2) also: that I nene really will be a totally calm person and be able to sit still all the time , or even hardly at all some days BUT THATS OKAY! It’s how God made me ya know ? I will always have some chronic boredom and need for stimulation and movement. Bc that’s how I’m supposed to be ! It keeps me growing and makes me the innovative person I am! I constantly crave challenge !!!
      3) that if I can only channel all that internal and external energy into something fun and productive , I’ll be unstoppable!

      This is like hyper focus, all this energy In one spot ?! It is so intense, I just have to find that thing interesting enough o get there!
      As Dwight Scrute form the office says “you want my undivided attention? Well you can’t handle my undivided attention” haha. But I can only find that thing by allowing the discomfort for a few minutes until I’m able to start something qnd then the flow takes over !

      • #142038

        This was an outstanding narrative about self discovery, and quite funny to me as I saw myself just paragraph after paragraph. I like that this person is getting down to the nitty gritty of “what” we have and how to “manage” it. Mentioning, essential oils….well I came upon the benefits of this years ago, now I’m a total convert, ie, I get the good quality lavender essential oil and a little goes a long way. Helps me sleep, drift off easier. But there are so many other choices, aromatherapy is awesome. Then there is the mention of mindfulness training. Now here is a wonderful healing opportunity and as mentioned, it does take some sacrifice to settle yourself down at first, I had to force myself to quieten internally and really listen to my teacher. I am finding some of the DVD’s that Dr. Mark Muesse created, totally about mindfulness, are changing my outlook. Now they aren’t full of entertainment, you have to just be willing to give 15 minutes or so to listen to the content. But here’s the deal, anything that retrains my chaotic ADHD brain to a more peaceful and better functioning state….well I’m game. Anyway, thanks for the post, it is true that ADHD people can understand each other in such remarkable ways, and we do need that. It is powerful to have group support, and that it be uplifting positive interaction. Godspeed, we are not in this alone, in fact we are marching forward with what I believe is a great deal of untapped talent. Just have to harness it….channel it, and that’s my continuing challenge every single day.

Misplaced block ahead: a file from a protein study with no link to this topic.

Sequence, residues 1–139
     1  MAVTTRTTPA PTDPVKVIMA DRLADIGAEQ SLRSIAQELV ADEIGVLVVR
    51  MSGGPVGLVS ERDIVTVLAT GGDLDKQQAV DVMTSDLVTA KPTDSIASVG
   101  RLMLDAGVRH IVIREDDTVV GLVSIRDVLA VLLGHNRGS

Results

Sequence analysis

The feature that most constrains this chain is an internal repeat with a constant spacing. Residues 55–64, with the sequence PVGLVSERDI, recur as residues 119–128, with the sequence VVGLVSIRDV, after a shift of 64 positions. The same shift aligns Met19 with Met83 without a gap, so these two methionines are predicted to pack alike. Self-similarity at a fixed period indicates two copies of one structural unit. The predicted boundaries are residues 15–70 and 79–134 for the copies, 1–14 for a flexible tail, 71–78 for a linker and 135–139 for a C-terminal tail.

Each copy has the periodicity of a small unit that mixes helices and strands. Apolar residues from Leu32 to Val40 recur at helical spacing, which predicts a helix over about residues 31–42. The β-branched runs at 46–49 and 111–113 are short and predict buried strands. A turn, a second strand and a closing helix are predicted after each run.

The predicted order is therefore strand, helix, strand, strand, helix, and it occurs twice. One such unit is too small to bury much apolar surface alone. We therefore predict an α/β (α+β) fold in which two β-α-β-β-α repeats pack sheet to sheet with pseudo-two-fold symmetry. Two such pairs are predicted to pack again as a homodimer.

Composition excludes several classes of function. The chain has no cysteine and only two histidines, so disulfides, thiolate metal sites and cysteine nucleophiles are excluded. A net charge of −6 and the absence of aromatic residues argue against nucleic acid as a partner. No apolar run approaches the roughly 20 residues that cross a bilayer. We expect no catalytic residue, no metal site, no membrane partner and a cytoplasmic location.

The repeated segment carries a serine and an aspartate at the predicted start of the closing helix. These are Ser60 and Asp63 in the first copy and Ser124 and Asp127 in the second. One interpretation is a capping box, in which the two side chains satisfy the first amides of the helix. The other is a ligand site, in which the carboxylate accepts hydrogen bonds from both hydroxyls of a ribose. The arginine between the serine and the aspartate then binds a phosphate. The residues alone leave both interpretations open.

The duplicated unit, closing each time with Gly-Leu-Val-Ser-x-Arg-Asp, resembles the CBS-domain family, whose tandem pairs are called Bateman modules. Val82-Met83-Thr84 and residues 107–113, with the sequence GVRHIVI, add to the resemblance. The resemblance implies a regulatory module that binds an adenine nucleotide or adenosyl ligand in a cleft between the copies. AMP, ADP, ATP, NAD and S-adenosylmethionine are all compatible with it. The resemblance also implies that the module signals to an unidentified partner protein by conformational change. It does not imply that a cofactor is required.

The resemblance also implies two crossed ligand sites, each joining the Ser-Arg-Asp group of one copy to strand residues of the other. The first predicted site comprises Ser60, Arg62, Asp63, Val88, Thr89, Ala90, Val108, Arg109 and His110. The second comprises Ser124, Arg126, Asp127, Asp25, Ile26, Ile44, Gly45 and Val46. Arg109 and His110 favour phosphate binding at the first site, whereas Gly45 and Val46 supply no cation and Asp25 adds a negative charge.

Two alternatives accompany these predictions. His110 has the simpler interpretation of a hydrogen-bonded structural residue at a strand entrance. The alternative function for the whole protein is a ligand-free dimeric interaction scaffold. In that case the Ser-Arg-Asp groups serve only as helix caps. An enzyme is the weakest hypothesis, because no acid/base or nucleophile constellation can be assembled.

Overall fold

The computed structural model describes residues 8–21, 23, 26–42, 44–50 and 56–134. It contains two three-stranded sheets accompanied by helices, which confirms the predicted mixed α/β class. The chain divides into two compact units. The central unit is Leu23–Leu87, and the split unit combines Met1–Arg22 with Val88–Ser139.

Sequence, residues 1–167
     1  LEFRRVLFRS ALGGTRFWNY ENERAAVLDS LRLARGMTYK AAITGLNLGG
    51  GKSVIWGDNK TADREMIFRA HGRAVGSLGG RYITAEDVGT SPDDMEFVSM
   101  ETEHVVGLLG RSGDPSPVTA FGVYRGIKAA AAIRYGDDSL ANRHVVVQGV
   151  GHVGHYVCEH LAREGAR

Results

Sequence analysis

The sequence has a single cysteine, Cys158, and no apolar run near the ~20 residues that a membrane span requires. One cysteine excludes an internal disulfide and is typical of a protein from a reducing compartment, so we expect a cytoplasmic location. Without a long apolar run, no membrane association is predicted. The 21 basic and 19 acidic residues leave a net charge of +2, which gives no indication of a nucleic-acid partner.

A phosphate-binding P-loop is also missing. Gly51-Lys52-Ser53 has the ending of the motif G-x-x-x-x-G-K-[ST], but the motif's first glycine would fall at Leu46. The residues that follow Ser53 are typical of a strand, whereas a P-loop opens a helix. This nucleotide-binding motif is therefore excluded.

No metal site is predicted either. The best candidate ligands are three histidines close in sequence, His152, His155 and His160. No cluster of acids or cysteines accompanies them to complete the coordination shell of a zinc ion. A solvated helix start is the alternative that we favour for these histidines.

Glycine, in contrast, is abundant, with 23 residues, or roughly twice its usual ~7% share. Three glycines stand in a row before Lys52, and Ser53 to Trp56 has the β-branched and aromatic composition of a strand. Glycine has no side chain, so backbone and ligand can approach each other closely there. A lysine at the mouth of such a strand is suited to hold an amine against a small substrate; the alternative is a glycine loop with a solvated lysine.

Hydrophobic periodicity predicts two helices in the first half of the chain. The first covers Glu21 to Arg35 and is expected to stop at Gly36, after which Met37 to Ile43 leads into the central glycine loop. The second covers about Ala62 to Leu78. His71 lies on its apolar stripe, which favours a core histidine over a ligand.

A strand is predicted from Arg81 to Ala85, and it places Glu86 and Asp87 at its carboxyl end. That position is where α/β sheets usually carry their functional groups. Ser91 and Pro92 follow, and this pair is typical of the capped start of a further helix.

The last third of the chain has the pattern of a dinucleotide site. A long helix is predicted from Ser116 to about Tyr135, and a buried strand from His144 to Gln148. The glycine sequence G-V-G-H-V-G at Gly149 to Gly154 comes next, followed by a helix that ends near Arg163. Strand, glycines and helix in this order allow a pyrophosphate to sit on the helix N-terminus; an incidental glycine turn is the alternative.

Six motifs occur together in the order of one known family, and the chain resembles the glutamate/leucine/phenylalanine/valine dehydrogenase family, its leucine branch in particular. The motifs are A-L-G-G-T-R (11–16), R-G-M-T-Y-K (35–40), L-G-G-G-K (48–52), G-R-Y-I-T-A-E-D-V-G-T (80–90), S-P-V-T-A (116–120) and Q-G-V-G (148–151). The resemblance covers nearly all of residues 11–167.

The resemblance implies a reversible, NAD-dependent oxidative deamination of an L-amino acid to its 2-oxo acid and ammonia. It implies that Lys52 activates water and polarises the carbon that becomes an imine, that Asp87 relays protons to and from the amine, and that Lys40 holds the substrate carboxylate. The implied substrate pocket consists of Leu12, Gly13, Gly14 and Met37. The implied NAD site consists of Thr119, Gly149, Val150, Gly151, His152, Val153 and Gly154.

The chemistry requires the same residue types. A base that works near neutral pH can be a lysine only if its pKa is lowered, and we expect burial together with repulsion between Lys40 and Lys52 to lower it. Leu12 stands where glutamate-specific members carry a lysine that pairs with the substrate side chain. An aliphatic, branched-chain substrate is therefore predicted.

• #140821

      Hey, guys thanks for the suggestions. What brand of essential oils do you guys use. And also side note do you guys struggle to feel or express emotions effectively, just asking.
      Thanks in advance

    • #140883
      Penny Williams

      There’s more and more science proving the benefits of mindfulness, meditation or breathing exercises for all of us, but definitely for those with conditions like anxiety, ADHD, autism, etc.

      How Deep Breathing Opens Up the ADHD Brain

      ADDitude Community Moderator, Parenting ADHD Coach & Author, Mom to teen w/ ADHD, LDs, and autism

    • #140949

      I went to a beauty salon and there I was really able to relax

    • #141021

      Put some thought into what relaxes you, like observing yourself in all situations. You may find relaxation in unexpected places and certainly not in what is typically expected to be relaxing. I am never relaxed on vacation and I can not even relax enough to enjoy a massage. I find myself most relaxed when moving, especially walking in the woods where I can observe nature around me. I also find relaxation in creation, I started woodworking. Once again I am moving and I only make small things so I have a chance of finishing them. It may take some time, it took years for me, but try to be aware of when you do feel relaxed and take note of what you are doing to make that happen. It’s a lifelong experiment and may change over time.